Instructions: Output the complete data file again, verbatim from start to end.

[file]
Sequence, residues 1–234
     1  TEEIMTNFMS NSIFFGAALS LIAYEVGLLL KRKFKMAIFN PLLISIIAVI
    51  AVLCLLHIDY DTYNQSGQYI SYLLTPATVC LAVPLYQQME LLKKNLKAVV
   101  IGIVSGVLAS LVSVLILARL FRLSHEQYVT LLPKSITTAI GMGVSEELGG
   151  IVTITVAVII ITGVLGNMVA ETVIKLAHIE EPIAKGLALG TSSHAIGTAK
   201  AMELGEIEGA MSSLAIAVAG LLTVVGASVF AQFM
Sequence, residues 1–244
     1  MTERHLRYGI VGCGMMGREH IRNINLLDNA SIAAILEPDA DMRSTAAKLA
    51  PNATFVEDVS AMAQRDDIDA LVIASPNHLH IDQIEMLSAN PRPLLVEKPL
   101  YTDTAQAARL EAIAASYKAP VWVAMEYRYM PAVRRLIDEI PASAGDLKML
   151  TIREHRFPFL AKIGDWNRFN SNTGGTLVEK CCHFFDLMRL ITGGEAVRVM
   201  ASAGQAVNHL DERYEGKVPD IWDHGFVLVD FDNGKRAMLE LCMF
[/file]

Sequence, residues 1–234
     1  TEEIMTNFMS NSIFFGAALS LIAYEVGLLL KRKFKMAIFN PLLISIIAVI
    51  AVLCLLHIDY DTYNQSGQYI SYLLTPATVC LAVPLYQQME LLKKNLKAVV
   101  IGIVSGVLAS LVSVLILARL FRLSHEQYVT LLPKSITTAI GMGVSEELGG
   151  IVTITVAVII ITGVLGNMVA ETVIKLAHIE EPIAKGLALG TSSHAIGTAK
   201  AMELGEIEGA MSSLAIAVAG LLTVVGASVF AQFM
Sequence, residues 1–244
     1  MTERHLRYGI VGCGMMGREH IRNINLLDNA SIAAILEPDA DMRSTAAKLA
    51  PNATFVEDVS AMAQRDDIDA LVIASPNHLH IDQIEMLSAN PRPLLVEKPL
   101  YTDTAQAARL EAIAASYKAP VWVAMEYRYM PAVRRLIDEI PASAGDLKML
   151  TIREHRFPFL AKIGDWNRFN SNTGGTLVEK CCHFFDLMRL ITGGEAVRVM
   201  ASAGQAVNHL DERYEGKVPD IWDHGFVLVD FDNGKRAMLE LCMF